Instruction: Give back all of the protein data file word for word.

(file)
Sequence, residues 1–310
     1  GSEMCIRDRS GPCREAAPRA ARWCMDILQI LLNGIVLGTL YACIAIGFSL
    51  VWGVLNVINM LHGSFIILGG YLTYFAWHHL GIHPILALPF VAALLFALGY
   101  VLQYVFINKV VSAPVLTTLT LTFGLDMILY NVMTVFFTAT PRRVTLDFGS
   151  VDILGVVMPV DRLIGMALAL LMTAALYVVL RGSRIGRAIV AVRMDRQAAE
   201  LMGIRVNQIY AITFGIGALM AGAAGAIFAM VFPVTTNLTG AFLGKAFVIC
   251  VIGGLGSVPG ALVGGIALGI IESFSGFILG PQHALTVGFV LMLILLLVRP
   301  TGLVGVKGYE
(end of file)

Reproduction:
Sequence, residues 1–310
     1  GSEMCIRDRS GPCREAAPRA ARWCMDILQI LLNGIVLGTL YACIAIGFSL
    51  VWGVLNVINM LHGSFIILGG YLTYFAWHHL GIHPILALPF VAALLFALGY
   101  VLQYVFINKV VSAPVLTTLT LTFGLDMILY NVMTVFFTAT PRRVTLDFGS
   151  VDILGVVMPV DRLIGMALAL LMTAALYVVL RGSRIGRAIV AVRMDRQAAE
   201  LMGIRVNQIY AITFGIGALM AGAAGAIFAM VFPVTTNLTG AFLGKAFVIC
   251  VIGGLGSVPG ALVGGIALGI IESFSGFILG PQHALTVGFV LMLILLLVRP
   301  TGLVGVKGYE